In keeping with the plain truth of scripture, the Nicene fathers are affirming that the Word, which is Jesus Christ, is of one substance with the Father, that He and the Father "are one," and that He is, truly, God. Nothing other than total qualitative sameness is possible here.

Edit: A caveat, the contention is that the Son of God is not eternal, whereas orthodox Christianity holds that He is, in keeping with John 1. The human nature of Christ is created and exists in time. But the Son, consubstantial with the Father, is eternal and is fully and totally God, necessarily, or else John 1 (and Christ's own words, "I and the Father are one) is mistaken.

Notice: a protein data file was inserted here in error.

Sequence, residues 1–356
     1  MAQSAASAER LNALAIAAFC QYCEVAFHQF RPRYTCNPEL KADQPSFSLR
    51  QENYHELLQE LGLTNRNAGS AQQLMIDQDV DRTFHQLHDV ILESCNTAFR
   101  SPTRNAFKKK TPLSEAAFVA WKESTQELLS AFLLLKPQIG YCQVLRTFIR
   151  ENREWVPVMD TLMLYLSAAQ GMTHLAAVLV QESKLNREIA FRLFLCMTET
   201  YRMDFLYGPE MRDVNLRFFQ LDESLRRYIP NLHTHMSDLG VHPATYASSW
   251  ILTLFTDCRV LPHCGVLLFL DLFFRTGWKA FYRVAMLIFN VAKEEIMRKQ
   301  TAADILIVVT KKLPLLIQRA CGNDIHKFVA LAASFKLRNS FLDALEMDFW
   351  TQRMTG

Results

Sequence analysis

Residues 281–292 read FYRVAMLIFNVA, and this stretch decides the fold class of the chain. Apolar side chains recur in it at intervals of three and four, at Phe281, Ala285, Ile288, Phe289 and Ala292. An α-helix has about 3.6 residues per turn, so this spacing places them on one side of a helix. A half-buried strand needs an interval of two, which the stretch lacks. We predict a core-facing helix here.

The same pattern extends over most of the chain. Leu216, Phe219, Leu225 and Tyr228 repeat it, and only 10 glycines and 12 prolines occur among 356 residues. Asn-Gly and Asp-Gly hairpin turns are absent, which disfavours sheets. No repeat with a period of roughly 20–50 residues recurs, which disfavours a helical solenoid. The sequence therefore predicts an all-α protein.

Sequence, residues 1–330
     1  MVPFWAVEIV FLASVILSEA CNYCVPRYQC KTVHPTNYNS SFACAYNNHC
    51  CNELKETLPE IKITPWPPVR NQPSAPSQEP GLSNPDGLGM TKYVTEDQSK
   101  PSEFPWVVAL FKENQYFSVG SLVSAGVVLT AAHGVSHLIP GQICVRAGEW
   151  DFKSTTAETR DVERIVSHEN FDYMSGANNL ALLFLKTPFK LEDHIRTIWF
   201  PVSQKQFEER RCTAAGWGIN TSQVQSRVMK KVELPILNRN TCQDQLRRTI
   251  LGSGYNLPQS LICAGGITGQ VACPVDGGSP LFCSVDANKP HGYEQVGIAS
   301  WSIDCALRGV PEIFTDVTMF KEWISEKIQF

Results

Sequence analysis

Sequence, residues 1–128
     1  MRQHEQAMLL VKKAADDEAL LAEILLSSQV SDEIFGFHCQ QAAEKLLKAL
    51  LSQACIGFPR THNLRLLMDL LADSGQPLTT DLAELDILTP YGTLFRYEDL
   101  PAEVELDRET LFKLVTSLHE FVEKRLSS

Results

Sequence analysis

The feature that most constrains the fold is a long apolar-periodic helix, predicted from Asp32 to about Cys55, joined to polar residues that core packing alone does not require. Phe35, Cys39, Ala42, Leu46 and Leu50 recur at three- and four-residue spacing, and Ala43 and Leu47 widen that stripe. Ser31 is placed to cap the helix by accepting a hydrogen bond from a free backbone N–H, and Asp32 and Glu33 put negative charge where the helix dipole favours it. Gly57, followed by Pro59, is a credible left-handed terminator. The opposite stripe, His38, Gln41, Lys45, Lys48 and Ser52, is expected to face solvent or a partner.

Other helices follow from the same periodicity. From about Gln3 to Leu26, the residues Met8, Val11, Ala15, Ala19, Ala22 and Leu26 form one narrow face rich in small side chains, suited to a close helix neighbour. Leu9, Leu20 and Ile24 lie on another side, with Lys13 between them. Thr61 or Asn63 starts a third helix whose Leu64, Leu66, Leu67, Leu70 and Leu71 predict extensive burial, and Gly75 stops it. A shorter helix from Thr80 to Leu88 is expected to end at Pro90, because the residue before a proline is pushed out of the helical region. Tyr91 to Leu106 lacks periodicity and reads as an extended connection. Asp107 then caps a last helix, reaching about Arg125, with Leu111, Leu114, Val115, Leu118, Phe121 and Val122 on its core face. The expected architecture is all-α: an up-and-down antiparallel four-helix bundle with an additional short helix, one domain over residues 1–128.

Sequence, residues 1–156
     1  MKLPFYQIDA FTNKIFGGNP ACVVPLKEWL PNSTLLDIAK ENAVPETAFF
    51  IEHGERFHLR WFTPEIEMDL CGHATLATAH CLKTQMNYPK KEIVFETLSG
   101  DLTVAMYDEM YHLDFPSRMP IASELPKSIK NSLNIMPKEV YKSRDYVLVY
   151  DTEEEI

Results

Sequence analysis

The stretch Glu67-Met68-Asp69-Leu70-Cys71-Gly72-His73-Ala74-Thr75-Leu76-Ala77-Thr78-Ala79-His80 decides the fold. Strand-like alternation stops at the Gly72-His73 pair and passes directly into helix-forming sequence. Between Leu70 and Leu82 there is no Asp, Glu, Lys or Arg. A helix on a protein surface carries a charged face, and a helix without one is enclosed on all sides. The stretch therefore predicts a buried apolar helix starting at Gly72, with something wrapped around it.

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  • This is quite clearly what was meant by the Nicene fathers. Up-voted +1.
    – Nigel J
    Commented Dec 16, 2021 at 15:24
  • Hi @jaredad7. As explained in the question, "similar substance," "same substance" and "one substance" are three different concepts. "Similar" points to qualitative sameness. "One" is numerical sameness while, as explained in my question, "same" can mean both. So, even if Arius claimed that the Son was of a similar substance, and if the creed intended to oppose that view, the "same" in the creed can still be either qualitative or numerical sameness.
    – Andries
    Commented Dec 17, 2021 at 4:07